Row-crop tractors with a high center of gravity tend to tip sideways more easily. Narrow front-end tractors also tend to be less stable and more dangerous. A tractor equipped with a front-end loader often will tip more easily when a load is being carried in a position that raises the tractor’s center of gravity.
If someone on your farm lacks operating experience, is young or older – with limits due to reaction time – you may want to avoid a tractor with a protective structure and look for something that’s a little newer with such a structure or a tractor that can be retrofitted.
Guards and Shields
When purchasing any machine inspect and ask for information about guards and shields. Shielding on rotating shafts, belts, gears and other moving parts is vital for protecting operator safety. A shield may seem like a simple piece of sheet metal or plastic, but finding and replacing a missing shield on a machine that is 20 years or older can be very expensive. Often the seller will have a missing shield in a nearby machine shed or other location. Pay particular attention to the master shield that covers the tractor’s power takeoff and the U-joint on an implement when attached. That tends to be a common location of entanglement and serious injury or death.
For safety and operational reasons check the operation, location and condition of all control levers, switches and other devices that control functions such as power takeoff, transmission, throttle, hydraulics, three-point hitch, and lights-flashers. On older equipment the position and location may not have been designed with safety or optimal usability in mind.
Make sure that your height and length of arms and legs as well as other physical abilities allow for easy operation of all controls, and that the controls do what they’re intended to do. Have the seller demonstrate full functionality. If you’re operating newer equipment, make sure to understand the controls that may not be easily understood — such as the steering system on a skid-steer loader or a “joy-stick” control.
For safety reasons, consider the comfort and access to the operator’s station. On tractors make sure the seat is in good condition. Check for broken springs and other things that might be uncomfortable and increase fatigue. Tractors with a newer cab will likely have a blower and a heater. Some also will have air conditioning.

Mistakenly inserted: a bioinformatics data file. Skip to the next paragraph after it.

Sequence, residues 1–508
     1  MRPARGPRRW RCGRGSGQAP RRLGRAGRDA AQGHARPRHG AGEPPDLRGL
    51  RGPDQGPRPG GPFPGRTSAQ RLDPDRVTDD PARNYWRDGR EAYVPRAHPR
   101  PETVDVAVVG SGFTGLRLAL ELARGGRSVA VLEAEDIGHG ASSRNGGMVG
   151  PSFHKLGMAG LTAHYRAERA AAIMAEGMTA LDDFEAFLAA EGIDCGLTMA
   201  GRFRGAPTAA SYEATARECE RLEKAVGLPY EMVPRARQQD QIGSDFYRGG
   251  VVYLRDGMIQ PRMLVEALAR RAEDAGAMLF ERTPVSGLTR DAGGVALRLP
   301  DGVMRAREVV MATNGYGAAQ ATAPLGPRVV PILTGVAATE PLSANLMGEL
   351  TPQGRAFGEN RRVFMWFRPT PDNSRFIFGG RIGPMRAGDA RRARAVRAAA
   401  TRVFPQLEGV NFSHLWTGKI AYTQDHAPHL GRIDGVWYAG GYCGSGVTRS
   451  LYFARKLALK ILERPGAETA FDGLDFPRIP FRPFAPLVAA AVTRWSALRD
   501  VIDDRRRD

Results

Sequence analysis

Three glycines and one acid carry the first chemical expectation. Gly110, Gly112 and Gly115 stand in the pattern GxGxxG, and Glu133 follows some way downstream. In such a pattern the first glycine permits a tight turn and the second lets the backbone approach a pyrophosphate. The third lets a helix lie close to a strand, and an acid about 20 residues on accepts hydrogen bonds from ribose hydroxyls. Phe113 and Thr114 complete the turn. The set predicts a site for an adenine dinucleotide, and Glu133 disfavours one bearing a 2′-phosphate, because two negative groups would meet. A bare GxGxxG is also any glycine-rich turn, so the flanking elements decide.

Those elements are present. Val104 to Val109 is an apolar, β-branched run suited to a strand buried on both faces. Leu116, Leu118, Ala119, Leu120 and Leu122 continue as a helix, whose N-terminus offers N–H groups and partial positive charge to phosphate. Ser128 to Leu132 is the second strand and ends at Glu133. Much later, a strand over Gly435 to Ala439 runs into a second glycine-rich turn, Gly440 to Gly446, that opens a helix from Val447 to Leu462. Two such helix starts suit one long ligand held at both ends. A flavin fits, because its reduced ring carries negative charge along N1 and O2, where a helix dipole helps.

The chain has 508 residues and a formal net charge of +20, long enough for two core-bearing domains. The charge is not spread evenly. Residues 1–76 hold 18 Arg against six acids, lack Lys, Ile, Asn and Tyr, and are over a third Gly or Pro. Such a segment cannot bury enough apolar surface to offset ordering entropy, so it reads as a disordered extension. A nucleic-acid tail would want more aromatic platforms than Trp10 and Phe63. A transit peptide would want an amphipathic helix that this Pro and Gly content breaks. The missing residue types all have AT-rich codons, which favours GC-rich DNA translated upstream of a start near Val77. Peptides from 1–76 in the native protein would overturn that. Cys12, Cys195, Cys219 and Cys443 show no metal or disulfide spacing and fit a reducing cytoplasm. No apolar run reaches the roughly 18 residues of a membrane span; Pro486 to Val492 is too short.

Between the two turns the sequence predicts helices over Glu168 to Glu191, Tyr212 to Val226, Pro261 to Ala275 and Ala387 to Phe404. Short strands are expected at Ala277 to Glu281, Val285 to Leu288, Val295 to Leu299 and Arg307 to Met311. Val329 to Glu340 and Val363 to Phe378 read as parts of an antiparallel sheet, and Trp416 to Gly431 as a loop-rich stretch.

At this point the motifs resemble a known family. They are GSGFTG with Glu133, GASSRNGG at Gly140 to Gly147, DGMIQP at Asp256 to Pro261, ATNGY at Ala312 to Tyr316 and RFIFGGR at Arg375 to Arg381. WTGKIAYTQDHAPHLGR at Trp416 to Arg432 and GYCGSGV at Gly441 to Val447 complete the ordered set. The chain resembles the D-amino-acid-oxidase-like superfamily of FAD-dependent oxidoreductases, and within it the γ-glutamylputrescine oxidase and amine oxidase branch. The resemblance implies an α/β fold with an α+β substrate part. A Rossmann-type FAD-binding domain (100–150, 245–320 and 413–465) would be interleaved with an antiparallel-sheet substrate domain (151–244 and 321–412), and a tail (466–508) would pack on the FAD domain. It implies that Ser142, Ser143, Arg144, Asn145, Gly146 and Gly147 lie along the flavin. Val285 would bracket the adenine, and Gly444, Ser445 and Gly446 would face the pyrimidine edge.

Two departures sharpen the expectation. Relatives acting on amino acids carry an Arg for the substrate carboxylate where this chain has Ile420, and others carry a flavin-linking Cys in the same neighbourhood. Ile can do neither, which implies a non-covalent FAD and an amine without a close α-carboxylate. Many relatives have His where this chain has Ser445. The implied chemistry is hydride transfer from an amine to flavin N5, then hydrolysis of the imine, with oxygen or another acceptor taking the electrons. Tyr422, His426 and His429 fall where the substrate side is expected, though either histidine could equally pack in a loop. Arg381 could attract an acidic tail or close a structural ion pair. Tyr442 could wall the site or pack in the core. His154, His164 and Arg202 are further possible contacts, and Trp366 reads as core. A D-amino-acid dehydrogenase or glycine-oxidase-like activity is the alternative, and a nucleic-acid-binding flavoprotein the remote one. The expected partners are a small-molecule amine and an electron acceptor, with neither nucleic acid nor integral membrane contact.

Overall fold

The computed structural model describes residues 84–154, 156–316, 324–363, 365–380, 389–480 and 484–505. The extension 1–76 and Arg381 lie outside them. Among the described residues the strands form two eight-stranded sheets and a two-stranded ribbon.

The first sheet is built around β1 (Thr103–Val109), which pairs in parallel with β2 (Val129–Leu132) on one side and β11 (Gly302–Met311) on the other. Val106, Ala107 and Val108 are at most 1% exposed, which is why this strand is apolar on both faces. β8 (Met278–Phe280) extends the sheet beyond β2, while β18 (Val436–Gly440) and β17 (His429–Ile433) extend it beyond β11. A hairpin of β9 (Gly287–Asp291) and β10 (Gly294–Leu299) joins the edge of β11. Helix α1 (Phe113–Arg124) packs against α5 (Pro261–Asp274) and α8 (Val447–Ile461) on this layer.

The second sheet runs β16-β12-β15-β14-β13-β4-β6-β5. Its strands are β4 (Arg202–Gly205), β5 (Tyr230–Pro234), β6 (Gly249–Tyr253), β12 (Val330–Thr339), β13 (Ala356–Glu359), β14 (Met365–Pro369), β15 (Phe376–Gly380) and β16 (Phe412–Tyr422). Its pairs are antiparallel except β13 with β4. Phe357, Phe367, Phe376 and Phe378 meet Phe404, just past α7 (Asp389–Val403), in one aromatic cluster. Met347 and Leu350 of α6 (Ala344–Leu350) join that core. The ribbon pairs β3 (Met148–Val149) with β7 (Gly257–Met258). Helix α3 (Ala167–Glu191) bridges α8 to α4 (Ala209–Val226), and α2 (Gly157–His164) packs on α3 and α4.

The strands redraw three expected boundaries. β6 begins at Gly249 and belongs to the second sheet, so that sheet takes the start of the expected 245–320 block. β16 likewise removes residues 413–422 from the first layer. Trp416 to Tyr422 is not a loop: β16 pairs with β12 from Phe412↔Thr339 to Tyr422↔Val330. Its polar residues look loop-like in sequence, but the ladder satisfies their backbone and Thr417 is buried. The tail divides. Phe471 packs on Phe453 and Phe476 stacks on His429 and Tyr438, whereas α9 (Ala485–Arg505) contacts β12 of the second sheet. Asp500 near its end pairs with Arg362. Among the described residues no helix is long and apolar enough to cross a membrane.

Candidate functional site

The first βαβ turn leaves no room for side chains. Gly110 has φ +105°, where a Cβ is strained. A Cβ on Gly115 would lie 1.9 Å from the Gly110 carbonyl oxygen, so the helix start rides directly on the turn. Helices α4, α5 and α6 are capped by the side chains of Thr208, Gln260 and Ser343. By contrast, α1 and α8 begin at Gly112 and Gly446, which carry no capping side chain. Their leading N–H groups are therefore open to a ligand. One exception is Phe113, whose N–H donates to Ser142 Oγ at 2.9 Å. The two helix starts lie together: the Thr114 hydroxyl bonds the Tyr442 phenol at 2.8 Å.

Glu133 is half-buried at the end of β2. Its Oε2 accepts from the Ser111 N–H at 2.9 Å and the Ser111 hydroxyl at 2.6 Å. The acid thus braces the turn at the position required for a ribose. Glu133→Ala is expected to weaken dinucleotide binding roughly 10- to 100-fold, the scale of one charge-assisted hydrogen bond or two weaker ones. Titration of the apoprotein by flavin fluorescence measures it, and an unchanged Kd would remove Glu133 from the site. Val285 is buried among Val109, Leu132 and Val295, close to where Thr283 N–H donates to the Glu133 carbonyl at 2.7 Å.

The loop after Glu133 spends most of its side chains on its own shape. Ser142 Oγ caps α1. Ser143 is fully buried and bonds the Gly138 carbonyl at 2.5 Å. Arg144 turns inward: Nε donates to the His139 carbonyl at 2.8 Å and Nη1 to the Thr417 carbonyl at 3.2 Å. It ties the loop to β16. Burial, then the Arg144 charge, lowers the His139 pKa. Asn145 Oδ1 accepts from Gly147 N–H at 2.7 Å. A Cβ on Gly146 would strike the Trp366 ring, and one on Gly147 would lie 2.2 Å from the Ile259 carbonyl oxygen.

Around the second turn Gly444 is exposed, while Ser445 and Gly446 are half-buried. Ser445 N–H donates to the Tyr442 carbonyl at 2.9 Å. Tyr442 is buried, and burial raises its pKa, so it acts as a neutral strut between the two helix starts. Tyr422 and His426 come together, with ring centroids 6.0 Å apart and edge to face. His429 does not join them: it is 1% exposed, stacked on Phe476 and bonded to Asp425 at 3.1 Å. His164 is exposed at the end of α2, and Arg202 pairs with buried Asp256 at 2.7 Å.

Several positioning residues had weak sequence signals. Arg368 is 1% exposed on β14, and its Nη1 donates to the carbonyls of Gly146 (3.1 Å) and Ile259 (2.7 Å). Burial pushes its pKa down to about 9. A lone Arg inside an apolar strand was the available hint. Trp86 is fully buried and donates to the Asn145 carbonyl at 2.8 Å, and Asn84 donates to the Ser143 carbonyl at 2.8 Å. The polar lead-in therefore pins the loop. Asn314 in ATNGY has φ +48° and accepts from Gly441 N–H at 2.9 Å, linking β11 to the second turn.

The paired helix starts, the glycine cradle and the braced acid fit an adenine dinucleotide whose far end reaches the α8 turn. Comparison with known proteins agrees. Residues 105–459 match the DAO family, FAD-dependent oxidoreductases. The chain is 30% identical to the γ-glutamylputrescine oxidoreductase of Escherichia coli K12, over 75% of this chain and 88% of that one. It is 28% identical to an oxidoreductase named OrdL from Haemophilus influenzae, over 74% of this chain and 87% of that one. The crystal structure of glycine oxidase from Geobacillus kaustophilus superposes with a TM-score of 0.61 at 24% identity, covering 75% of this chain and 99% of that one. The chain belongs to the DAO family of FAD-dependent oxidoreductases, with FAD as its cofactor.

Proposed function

Inspect the air filter and run the blower in all modes. That will help when you operating on hot, cold or dusty days and will help protect your health. Operate a cabbed tractor at full power with the doors and windows closed. The cab should seal well and shouldn’t vibrate or make excessive noise. In older cabs that were field installed “after the fact,” the noise can be as much or more than operating without a cab and you may need hearing protection.
Finally, many injuries on used equipment occur while a person is getting on or off the machine. Sprains and broken bones are common along with head injuries if the operator topples onto concrete or another hard surface. Check the condition of steps, ladders and other devices. The distance between steps should be about the same, and the distance between the bottom step and the ground within comfortable reach. Steps and ladders should be accompanied by handholds or other surfaces you can use to support and steady yourself while getting on and off. This is especially important for older operators who begin to lose a sense of balance and can fall more easily.
It is impossible to cover all aspects of safety in one short document. Learn more about the particular piece of equipment you may be considering for purchase. The operator manual is a great place to start. Check with other credible sources as well.
The authors – John Shutske, Ben Jenkins, Leigh Presley, Joshua Kamps and Ashley Olson – work with the University of Wisconsin-Division of Extension.